None of my treatment would have been possible without research. Because MCL is rare, that research has required funding and coordination across the world. New ways of treating MCL are showing promise. In particular, something I don’t claim to understand known as CAR-T offers a potential cure, at a far lower physical cost to the patient than the treatment I have had.
Lymphoma Action is the specialist UK charity supporting people with lymphoma. They provide a vital voice for the patient. I want to help them demand better for all of us in this position. I know that any donation you can make to them will be gratefully accepted. It will be used effectively to support people like me.
The best way to donate to Lymphoma Action is directly. There are a range of options, including by text. If you’ve found the blogs on my stem cell transplant informative or entertaining in any way, could I encourage you to make a small donation please? If everyone who has read my posts over the last couple of weeks were to donate the cost of a posh coffee, then we would collectively raise a few hundred pounds for them very quickly indeed.
Yesterday lunchtime I was given the encouraging news that my white cell count had started to move up slightly from zero, where it had been for a few days. My stem cells are clearly little beauties, as that happened slightly earlier than is normal. Today’s blood samples were taken at 6am. I’ve been waiting with high anticipation to see the verdict.
The consultant has just been to visit me and the encouraging trend is continuing. My total white count is now 0.4. My haemoglobin is stable at 88 and my platelets are back up to 30 (having been in single figures 72 hours earlier). There’s still a way to go before I’m fit for discharge, but there is an outside possibility that could happen as early as Sunday. Realistically, I’m steeling myself to be here until Tuesday. That would match the predicted 21 day stay I’d been given before admission.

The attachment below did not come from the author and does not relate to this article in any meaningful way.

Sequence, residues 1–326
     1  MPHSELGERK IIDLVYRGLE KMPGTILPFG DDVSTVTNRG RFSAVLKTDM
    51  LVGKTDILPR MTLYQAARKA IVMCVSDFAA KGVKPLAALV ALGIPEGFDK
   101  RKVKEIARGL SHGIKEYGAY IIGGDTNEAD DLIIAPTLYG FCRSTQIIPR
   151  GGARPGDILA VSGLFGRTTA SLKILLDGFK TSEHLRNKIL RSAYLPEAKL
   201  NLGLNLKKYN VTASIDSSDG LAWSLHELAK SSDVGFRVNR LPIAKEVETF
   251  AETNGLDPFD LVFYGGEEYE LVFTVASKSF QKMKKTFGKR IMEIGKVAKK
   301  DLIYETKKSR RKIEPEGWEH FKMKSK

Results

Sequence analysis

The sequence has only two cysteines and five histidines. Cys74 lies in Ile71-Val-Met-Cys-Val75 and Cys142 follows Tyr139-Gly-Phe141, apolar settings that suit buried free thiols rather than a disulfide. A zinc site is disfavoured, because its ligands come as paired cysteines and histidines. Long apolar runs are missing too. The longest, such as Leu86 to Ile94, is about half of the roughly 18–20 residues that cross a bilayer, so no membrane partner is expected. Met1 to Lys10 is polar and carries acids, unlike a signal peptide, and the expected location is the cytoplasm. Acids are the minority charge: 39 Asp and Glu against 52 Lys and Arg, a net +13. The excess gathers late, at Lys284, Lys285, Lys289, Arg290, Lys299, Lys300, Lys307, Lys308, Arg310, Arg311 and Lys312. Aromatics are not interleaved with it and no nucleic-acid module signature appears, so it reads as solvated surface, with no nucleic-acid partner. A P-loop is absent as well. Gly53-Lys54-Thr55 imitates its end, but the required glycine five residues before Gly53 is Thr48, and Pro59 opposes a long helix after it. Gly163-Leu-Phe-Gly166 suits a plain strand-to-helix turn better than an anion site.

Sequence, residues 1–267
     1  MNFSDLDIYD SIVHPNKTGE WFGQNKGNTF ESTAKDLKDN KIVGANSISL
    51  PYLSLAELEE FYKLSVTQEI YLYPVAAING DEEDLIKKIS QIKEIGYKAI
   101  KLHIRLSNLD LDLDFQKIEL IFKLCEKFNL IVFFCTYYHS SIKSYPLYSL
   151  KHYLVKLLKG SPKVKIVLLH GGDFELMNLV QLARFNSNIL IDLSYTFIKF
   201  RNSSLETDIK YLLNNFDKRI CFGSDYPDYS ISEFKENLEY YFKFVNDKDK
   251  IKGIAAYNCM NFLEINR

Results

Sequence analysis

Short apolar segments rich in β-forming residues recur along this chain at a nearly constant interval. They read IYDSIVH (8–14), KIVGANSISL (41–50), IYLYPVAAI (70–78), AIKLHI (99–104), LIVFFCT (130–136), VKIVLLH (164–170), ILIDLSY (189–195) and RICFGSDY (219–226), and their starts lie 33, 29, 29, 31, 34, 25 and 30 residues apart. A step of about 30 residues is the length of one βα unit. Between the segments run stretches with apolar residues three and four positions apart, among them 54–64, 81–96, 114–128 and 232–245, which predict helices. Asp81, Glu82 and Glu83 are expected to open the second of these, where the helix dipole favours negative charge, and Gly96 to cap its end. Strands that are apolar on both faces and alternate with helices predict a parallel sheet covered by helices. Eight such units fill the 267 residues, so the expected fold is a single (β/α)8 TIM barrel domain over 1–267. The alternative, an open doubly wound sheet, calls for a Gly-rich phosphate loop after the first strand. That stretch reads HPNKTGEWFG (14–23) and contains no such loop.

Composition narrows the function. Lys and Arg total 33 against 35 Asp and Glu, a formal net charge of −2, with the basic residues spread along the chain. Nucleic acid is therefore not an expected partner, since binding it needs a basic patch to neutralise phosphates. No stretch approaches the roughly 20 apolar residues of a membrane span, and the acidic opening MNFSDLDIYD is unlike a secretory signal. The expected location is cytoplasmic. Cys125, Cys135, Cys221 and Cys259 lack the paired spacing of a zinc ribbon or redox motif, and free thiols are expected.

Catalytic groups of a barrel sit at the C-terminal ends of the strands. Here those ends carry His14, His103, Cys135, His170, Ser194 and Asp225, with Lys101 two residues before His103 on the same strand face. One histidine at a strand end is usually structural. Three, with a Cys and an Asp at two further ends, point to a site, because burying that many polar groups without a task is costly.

I can’t tell you how happy I feel. It’s like Christmas with foot-long pigs in blankets ready to eat with lashings of cranberry jelly (*).
Because I’ve not been shaving to try to minimise any issues from nicking myself, I’m hairy in all the wrong places and losing hair from where I’d like to keep it. I am Mange Man. Suggestions for my potential superpowers are welcome …
(*) I hear that Aldi have these on their Christmas offerings. This news immediately enraged the more traditional of my daughters, Jessica, who believes that the best bit about pigs in blankets is being able to eat 50 at once. She may be right …
Last night saw my final dose of IV antibiotics administered. The blood cultures they took from me a few days ago grew nothing nasty and my temperature has been nicely in the normal range ever since. I’m still being given drips to protect my stomach, but these are short in duration. I’m slowly reaching for normality again. My Hickman line will be removed before I leave here – another sign of things returning to normal. It will no longer be needed to accompany the “Boom-ooh-yatatatah” of the medicine pump.
However, I’ve still quite a way to go before I’m ready to resume my place in the world. Fatigue is nearly always a problem for the first few weeks. I have to get some strength back as I’ve lost around 7 or 8 kg since I was admitted on September 4th. I’ve definitely lost what little muscle tone (please don’t laugh too loudly Ben) I had. Maybe I should take on the services of a personal trainer … I know a couple quite well, and one doesn’t live too far away from me. Perhaps in my second life I’ll become a gym bunny.
I’m going to take things very steadily. Nothing would waste all of the effort expended by the NHS faster than me overdoing it. I need to find my limits, they should improve over time, but I have to be sensible about things. If I can get back in the 7 by the end of October that would demonstrate to me that I’m making physical and mental progress.
The mental side of cancer is often neglected. Fortunately, my psychological training gives me a number of tools that I can use on myself. I haven’t found the emotional side of the original diagnosis and my eventual treatment too traumatic, so far. It helps me to talk though – to other people going through the same experiences and to my friends out here in ten pence piece land. You are all my therapy – thank you for putting up with me!